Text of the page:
Illinois has seen significant changes to the front-end of its juvenile justice system, but its system of releasing and assisting incarcerated juveniles is a procedural mess, according to a report today from the Illinois Juvenile Justice Commission.
IJJC is part of the Department of Human Services and critiques in this report the independent Department of Juvenile Justice, which shares some services with the Department of Corrections.
“An essential measurement of any juvenile reentry system is whether youth returning from incarceration remain safely and successfully within their communities,” said the report. “Well over 50” percent of its incarcerated juveniles returning to juvenile lockup, said the report, which the commission was mandated to do by a law passed in 2009.
The number of offenders returning to juvenile facilities is “unacceptably high,” said Judge George Timberlake, who chairs IJJC, speaking on a press conference call today.
The report criticizes the state’s practices in four specific areas:
Release: The only way an offender can be released from an Illinois juvenile facility is if the Prisoner Review Board (PRB) approves release or the offender has served as much time as an adult would for a crime. The commission observed 230 Prisoner Review Board (PRB) hearings, and Timberlake said what they found were proceedings that were “rushed” and bewildering to offenders.
“We need a clearly stated release decision-making process,” said Timberlake. The commission recommended putting a legal advocate in each facility, and mandating that review hearings occur every six months of a juvenile’s incarceration.
Reentry: DJJ gained its independence in 2005 from the Department of Corrections, but commissioner Julie Biehl said the adult way of handling parole is still used by DJJ.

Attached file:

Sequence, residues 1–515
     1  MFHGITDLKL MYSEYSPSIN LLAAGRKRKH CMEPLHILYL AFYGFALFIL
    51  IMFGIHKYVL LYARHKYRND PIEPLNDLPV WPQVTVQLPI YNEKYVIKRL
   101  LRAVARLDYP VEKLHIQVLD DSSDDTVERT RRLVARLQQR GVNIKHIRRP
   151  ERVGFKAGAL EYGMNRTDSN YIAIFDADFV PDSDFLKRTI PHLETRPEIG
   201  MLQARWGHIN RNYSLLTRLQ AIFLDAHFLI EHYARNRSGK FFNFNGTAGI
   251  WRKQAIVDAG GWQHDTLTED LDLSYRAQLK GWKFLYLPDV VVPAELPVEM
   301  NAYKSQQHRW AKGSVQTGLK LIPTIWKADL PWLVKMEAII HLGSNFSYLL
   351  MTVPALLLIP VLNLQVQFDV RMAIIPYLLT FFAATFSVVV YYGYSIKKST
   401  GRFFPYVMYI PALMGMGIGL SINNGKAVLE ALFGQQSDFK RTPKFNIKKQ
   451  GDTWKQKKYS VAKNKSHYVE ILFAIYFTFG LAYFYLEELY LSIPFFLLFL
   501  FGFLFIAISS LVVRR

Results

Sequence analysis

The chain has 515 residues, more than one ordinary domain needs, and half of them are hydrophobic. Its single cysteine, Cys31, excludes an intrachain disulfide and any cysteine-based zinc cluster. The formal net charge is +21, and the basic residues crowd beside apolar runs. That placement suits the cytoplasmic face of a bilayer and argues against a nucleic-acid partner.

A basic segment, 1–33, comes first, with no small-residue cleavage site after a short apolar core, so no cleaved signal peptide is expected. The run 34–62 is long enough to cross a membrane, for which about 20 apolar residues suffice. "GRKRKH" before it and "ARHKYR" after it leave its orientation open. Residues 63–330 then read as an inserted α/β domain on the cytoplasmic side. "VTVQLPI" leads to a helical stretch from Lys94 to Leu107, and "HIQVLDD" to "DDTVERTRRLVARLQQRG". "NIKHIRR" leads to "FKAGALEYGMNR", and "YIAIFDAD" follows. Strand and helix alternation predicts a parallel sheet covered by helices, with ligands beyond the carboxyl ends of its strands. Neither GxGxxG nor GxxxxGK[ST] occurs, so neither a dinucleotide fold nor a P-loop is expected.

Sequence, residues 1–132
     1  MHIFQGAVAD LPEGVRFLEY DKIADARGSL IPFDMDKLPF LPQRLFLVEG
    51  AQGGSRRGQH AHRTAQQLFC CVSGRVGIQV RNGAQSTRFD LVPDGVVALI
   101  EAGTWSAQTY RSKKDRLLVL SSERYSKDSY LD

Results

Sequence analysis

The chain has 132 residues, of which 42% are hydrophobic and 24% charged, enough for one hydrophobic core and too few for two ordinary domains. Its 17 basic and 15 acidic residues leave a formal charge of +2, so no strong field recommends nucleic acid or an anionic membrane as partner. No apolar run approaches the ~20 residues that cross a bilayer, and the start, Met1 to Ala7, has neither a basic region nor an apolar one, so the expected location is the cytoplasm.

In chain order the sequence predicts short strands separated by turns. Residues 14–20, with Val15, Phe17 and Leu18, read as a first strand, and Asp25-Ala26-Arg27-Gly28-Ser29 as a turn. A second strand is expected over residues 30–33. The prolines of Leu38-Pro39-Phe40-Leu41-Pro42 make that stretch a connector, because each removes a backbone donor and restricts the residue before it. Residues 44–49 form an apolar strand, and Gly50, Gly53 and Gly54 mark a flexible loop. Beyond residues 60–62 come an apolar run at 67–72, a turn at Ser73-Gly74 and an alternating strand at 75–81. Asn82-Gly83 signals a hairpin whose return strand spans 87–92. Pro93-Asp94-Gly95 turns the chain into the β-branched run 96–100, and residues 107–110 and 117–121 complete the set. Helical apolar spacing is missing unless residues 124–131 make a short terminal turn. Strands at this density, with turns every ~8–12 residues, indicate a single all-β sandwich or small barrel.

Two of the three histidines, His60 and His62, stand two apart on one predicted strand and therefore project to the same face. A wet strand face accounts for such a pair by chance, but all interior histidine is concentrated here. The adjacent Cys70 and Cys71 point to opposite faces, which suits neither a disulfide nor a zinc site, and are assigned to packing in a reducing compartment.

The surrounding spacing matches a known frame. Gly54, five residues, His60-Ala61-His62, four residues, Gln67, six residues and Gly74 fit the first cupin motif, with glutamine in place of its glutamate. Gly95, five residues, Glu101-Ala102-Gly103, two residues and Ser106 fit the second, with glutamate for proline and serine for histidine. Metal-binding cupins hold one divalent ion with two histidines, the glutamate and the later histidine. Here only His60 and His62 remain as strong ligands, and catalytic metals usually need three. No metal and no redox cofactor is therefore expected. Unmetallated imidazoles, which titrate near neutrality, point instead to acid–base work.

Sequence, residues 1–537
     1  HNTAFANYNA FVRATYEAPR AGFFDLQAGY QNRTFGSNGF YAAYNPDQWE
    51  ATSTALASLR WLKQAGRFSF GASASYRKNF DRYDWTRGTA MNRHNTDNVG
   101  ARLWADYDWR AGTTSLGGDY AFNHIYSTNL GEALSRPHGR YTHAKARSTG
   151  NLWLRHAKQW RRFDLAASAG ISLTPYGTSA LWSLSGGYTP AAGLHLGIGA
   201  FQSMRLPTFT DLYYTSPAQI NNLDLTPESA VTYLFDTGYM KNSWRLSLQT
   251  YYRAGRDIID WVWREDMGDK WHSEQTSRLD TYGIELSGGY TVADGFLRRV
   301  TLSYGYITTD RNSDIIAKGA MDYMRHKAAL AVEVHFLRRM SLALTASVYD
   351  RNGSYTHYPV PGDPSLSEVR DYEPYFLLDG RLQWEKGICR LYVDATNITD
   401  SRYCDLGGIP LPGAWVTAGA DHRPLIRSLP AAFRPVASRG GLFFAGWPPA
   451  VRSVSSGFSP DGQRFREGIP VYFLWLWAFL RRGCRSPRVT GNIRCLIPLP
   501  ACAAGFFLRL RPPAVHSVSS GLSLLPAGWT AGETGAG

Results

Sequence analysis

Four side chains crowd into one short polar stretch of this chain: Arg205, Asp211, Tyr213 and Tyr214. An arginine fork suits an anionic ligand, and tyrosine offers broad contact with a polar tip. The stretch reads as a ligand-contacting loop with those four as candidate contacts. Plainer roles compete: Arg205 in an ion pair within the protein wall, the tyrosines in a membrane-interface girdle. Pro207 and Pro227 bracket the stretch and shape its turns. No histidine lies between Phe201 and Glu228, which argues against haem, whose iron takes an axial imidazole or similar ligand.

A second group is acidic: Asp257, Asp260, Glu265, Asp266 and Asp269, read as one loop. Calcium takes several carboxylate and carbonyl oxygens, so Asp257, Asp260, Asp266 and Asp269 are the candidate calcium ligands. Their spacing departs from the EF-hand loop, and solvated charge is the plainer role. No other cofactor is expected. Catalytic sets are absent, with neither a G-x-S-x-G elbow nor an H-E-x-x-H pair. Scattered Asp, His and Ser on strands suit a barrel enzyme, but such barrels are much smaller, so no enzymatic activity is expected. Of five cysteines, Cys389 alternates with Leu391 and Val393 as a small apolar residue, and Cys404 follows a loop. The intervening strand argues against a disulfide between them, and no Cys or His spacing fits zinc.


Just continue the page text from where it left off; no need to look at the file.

“The current parole system is to ‘keep eye on the offender, make sure he’s not a danger,’” Biehl said. “That’s not consistent with good juvenile reentry practices.”
DJJ Director Arthur Bishop said the department has already started a pilot program that connects some returning offenders to after-care specialists, who start working with offenders when they come into the facilities.
Parole Revocation: The commission reviewed the files of 400 youth who had their parole revoked. Of those youth, the report found that 54 percent were re-incarcerated based on a technical violation of their parole, most often for violating curfew, truancy or for home disturbances.
“We are not suggesting future crimes should not lead to re-incarceration,” Timberlake said, “but it was surprising to find that what could be considered normal teen behavior leads to a return to prison.”
The revocation hearings that put juveniles back behind bars were overseen by the PRB instead of judges, and the report was critical of how those hearings generally transpired. Youth are almost never informed of their right to counsel, the report said, and Timberlake said most juveniles faced the hearings without so much as a family member present.